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Philosophical foundations of the Bahá’í teachings, including ontology, theology, epistemology, philosophical anthropology and psychology, and personal and social ethics.
Presented at the Irfan Colloquia Session #86, Louhelen Bahá'í School, Michigan (October 9-12, 2008). Mirrored with permission from

Some Answered Questions:
A Philosophical Perspective

by Ian Kluge

published in Lights of Irfan, Volume 10, pages 149-274
Wilmette, IL: Irfan Colloquia, 2009

By identifying and examining the philosophical positions explicitly and implicitly embedded in Some Answered Questions, this paper calls attention to the philosophical foundations of the Bahá’í teachings. The goal is to understand these teachings philosophically, as distinct from understanding them historically or theologically for example. The areas covered are ontology, onto-theology, epistemology, philosophical anthropology and psychology, and personal and social ethics. This paper also identifies those philosophical views with which the positions taken in Some Answered Questions have the greatest natural affinity.

Part I: Ontology
1. SAQ’s Ontology: Some Basic Principles
2. Ontological Realism
3. Ontological Pluralism
4. Distinctions of Being and Power
5. Ontological Hierarchism
6. Hierarchy After Death
7. Kinds and their Perfections
8. A Dynamic Ontology
9. A Nested Hierarchy
10. Panentheism
11. Ontology: Causality
11a Four-Fold Causality
11b Consequences of Four-Fold Causality
12. Teleology
13. Intelligent Design
14. Hylomorphism
15. An Application of Four-Fold Causality
16. Platonic Trends in SAQ
17. The Reality of Universals
18. Reflection and Participation
19. Existence and Nonexistence
20. The Structure of Beings
21. Essence and Existence
22. God — an Epistemological Preview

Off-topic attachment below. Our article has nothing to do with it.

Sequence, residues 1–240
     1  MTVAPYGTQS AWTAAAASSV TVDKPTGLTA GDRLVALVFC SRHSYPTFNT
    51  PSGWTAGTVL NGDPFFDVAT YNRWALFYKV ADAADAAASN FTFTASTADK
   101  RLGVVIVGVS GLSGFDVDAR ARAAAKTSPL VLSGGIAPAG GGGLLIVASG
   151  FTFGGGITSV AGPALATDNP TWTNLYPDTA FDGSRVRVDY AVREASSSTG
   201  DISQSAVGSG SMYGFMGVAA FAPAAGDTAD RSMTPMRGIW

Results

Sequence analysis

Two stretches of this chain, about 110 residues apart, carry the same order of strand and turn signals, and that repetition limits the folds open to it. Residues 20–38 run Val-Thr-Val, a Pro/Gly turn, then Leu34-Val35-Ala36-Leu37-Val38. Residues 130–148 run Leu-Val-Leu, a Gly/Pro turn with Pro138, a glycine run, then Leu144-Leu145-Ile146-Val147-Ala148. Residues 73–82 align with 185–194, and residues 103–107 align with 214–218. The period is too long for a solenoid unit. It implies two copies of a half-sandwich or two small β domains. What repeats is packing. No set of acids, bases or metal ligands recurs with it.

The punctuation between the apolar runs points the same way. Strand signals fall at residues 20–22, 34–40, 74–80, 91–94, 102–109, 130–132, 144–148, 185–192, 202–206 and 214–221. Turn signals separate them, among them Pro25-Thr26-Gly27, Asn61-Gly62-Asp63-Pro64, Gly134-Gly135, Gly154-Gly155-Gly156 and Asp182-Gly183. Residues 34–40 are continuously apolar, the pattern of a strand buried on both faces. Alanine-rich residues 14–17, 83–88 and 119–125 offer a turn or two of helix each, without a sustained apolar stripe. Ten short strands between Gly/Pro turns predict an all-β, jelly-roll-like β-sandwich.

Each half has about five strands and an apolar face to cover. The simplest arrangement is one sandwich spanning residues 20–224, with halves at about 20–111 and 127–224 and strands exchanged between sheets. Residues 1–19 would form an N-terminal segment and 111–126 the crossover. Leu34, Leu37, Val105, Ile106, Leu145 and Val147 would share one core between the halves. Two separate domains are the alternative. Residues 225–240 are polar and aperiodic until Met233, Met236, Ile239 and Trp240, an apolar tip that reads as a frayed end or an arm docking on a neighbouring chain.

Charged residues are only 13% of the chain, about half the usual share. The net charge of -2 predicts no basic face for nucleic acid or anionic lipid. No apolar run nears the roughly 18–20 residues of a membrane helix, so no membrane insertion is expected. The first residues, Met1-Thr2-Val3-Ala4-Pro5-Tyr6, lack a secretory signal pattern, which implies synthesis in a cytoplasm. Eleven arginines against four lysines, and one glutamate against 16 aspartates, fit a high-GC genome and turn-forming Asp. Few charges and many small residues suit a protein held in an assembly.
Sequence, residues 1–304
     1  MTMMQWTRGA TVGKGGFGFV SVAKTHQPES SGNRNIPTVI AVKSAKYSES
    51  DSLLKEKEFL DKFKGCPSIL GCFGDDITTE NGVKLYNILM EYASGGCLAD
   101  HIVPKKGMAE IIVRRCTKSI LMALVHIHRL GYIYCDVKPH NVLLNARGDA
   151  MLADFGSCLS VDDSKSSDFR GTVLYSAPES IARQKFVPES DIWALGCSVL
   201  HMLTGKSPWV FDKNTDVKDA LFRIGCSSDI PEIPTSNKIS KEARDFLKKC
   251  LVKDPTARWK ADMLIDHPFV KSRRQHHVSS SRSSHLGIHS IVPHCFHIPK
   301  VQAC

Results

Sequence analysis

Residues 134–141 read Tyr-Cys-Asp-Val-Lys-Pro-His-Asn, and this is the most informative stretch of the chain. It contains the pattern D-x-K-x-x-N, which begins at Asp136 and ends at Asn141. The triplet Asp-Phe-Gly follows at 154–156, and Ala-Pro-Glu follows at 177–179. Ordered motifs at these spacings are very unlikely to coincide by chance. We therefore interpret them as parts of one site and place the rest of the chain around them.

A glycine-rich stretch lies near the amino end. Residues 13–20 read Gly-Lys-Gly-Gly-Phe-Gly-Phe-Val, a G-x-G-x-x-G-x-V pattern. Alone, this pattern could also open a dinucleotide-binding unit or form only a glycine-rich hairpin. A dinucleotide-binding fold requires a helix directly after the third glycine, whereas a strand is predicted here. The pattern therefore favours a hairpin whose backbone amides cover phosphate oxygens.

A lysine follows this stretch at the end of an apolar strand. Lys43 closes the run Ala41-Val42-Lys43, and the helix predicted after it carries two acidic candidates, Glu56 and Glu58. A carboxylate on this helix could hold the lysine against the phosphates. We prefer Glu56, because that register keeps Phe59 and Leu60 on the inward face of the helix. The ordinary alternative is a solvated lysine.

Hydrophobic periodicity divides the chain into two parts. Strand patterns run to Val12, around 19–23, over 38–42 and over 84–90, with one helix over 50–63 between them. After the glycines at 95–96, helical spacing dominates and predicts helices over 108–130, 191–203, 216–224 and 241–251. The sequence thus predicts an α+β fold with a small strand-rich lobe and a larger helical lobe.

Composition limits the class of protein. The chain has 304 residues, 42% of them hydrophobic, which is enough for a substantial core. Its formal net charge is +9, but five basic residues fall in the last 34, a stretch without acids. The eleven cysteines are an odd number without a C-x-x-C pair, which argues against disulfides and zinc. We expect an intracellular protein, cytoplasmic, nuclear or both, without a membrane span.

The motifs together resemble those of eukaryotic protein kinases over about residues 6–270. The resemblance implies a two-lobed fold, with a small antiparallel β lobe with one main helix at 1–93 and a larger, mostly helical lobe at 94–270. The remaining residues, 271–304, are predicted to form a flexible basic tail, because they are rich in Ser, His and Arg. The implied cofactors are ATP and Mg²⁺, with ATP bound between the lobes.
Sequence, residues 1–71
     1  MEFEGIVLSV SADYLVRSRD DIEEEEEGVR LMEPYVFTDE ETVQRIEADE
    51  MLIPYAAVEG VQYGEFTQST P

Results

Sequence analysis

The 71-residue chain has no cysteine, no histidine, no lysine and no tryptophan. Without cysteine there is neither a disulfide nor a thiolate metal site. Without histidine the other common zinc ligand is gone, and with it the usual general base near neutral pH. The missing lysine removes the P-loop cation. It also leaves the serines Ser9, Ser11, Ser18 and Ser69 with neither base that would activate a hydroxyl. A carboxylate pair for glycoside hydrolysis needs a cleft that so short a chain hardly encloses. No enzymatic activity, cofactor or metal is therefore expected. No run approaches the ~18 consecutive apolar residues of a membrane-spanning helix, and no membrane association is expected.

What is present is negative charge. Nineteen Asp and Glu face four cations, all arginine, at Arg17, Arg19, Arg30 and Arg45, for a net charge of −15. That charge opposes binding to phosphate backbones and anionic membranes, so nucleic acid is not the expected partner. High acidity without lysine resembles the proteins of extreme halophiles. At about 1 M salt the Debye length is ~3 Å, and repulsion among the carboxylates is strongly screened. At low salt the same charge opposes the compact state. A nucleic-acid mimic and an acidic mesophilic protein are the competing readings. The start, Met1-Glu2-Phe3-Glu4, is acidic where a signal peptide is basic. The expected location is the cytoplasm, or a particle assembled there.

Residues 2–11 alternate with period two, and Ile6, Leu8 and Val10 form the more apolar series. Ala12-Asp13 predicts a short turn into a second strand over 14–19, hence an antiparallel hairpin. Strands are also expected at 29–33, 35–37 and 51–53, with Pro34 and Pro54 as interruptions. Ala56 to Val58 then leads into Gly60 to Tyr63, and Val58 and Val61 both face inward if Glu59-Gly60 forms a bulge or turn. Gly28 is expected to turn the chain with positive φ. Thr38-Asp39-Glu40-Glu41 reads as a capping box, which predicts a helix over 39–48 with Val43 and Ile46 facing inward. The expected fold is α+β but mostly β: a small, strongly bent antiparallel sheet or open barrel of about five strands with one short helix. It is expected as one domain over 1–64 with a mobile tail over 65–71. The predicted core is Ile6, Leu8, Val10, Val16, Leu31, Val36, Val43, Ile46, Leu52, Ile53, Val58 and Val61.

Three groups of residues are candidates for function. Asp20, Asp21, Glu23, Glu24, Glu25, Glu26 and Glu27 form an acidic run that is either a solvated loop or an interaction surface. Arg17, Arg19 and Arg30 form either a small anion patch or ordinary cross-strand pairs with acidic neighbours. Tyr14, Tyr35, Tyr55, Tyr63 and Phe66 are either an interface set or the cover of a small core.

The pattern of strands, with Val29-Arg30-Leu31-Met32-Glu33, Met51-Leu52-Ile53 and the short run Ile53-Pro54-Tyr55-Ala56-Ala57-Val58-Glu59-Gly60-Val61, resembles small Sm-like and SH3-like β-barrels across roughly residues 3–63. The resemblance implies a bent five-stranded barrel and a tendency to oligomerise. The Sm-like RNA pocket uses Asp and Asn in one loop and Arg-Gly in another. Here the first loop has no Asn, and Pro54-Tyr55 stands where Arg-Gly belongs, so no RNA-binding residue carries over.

23. The Existence of God: Argument from Contingency
24. The Ontological Argument
25. The Argument from Design
26. The Argument from Change
27. The Perfection of Creation
28. A Process Ontology

Part II: Onto-Theology
29. The Ontological Attributes of God
30. Emanationism
31. The Manifestations
32. The Manifestation as World-Soul
33. Three Comments
34. The Manifestations’ Superior Knowledge

Part III: Epistemology
35. Realism and the Correspondence Theory of Truth
36. Rejection of Nominalism and Conceptualism
37. Sources of Knowledge
38. A Reflection on `Abdu’l-Bahá’s Statements
39. The Question of Certainty: Scylla & Charybdis
40. Moderate Rationalism
41. Knowledge of Essences
42. Objective, Subjective Knowledge
43. Knowledge of God
44. God’s Knowledge
45. Mind
46. Mind is Not Brain
47. Brain and Mind — A Formal Connection
48. Infallibility

Part IV: Philosophical Anthropology
49. Human Nature
50. The Soul and Immortality
51. The Rational Soul
52. Humankind’s Dual Nature
53. Inherent Struggle Between Higher, Lower Natures
54. The Purpose of Earthly Existence
55. Innate, Inherited and Acquired Character
56. Free Will
57. Ethics
58. Virtue Ethics
59. Progress
60. Human Evolution
61. SAQ and Science

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